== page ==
We still maintain the hope that somewhere, good sense will prevail and the International Criminal Court, which is to be established as a result of all our hard work, will not become just one more political forum to be abused for political ends by an irresponsible group of states, at their political whim. We continue to hope that the Court will indeed serve the lofty objectives for the attainment of which it is being established.

From the very beginning, the Jerusalem Center for Public Affairs has been at the forefront in sounding warning alarms to the international community in light of the concerted Palestinian policy of abusing the ICC and turning it into its own, private back-yard Israel-bashing tribunal.

Following the initial Palestinian attempt, in 2009, to engage the Court, through its declaration recognizing the Court’s jurisdiction, the President of the Jerusalem Center, Ambassador Dore Gold, submitted to the Office of the Prosecutor on October 20, 2010, a note questioning the legality of the Palestinian declaration in light of statutory requirements, and historic and diplomatic considerations.

Similarly, immediately following the Palestinian transmission of documents to the Secretary General on January 2, 2015, requesting accession to the Rome Statute as a state, Ambassador Alan Baker, head of the International Law Program of the Jerusalem Center, submitted a letter to the UN Secretary General, the UN Legal Counsel, and the ICC Prosecutor, pointing to the inherent legal inconsistencies in accepting the Palestinian request, undermining the very integrity of the Court.

This monograph is a compilation of relevant articles and studies published by the Jerusalem Center, including the above-noted submissions by Ambassadors Gold and Baker, detailing the extent of the political abuse and manipulation of the Court, and the extent to which the Court’s Prosecutor has actively played along and even encouraged such Palestinian abuse.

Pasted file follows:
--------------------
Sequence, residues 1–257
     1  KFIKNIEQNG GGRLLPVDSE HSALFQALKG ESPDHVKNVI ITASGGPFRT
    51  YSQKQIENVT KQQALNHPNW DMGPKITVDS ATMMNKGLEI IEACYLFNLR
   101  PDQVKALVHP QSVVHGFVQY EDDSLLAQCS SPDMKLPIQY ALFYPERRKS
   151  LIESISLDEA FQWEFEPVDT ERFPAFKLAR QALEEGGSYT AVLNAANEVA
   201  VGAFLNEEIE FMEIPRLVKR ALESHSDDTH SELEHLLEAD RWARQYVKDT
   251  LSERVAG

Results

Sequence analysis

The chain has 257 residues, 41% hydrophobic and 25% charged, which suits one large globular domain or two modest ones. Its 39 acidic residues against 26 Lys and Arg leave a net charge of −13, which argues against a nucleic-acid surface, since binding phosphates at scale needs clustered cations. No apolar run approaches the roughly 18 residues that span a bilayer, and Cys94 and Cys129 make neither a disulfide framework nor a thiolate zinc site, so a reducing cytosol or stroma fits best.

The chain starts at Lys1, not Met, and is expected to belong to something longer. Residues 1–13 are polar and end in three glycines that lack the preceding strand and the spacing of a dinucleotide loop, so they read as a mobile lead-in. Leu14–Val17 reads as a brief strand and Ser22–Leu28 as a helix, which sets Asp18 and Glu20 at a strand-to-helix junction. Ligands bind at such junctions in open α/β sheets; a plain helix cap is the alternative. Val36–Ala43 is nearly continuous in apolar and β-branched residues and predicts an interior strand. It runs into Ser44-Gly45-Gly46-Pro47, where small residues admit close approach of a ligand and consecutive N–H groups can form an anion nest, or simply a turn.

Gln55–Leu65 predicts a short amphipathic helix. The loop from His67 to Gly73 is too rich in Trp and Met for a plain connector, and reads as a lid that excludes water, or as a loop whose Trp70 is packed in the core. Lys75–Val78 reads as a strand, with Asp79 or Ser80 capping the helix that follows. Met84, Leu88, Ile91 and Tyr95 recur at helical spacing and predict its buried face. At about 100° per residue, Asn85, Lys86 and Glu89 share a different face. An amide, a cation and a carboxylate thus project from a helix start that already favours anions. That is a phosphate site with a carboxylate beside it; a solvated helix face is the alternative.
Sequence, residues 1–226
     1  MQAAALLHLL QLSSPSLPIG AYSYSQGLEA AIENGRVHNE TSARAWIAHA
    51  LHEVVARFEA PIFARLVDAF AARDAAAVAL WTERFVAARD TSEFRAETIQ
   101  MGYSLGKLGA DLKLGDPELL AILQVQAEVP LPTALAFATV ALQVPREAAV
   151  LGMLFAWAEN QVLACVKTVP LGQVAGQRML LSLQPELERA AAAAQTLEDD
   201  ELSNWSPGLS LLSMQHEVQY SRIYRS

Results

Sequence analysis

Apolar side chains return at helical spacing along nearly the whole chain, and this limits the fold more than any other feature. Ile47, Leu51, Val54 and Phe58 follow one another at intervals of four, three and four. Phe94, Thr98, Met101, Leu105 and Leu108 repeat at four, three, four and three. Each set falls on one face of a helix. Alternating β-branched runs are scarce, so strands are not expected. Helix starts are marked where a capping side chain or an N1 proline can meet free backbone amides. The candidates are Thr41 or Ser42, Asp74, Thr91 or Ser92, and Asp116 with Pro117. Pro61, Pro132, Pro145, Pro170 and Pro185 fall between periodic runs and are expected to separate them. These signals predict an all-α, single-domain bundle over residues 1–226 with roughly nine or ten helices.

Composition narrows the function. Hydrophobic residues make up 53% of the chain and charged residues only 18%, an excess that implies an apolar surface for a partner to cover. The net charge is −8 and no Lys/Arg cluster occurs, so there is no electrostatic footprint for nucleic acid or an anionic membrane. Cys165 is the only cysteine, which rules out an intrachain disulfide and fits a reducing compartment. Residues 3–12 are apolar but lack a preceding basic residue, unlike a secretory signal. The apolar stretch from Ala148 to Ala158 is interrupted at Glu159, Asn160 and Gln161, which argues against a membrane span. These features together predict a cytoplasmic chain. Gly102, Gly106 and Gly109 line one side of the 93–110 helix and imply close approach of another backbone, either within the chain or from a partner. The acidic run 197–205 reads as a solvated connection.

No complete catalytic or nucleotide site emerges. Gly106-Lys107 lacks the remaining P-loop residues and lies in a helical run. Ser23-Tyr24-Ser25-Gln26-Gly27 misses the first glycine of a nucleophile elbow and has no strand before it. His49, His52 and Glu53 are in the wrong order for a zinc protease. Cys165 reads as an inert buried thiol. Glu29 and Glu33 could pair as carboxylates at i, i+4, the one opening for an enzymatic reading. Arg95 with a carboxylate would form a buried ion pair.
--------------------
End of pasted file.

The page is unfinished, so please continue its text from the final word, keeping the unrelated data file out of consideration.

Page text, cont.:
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Contents:

The International Criminal Court and the Recognition of the Palestinian Authority as a Palestinian State

October 20, 2010 | Amb. Dore Gold

https://jcpa.org/wp-content/uploads/2011/11/Palestinian_State_ICC.pdf

International Criminal Court Opens Inquiry into Possible War Crimes in Palestinian Territories

January 21, 2015 | Amb. Alan Baker

https://jcpa.org/article/international-criminal-court-opens-inquiry-possible-war-crimes-palestinian-territories/

Politicizing the International Criminal Court

April 27, 2014 | Prof. Eugene Kontorovich

in Palestinian Manipulation of the International Community, Alan Baker, ed.

https://jcpa.org/overview_palestinian_manipulation/politicizing_the_international_criminal_court/

The Failure of the International Criminal Court

November 18, 2019 | Amb. Alan Baker

https://jcpa.org/article/the-failure-of-the-international-criminal-court-icc/

Is the International Criminal Court Becoming a Palestinian Propaganda Engine?

August 15, 2018 | Amb. Alan Baker

https://jcpa.org/is-the-international-criminal-court-becoming-a-palestinian-propaganda-engine/

Palestinian Manipulation of the International Criminal Court

January 21, 2018 | Amb. Alan Baker

https://jcpa.org/will-the-international-criminal-court-disregard-international-law/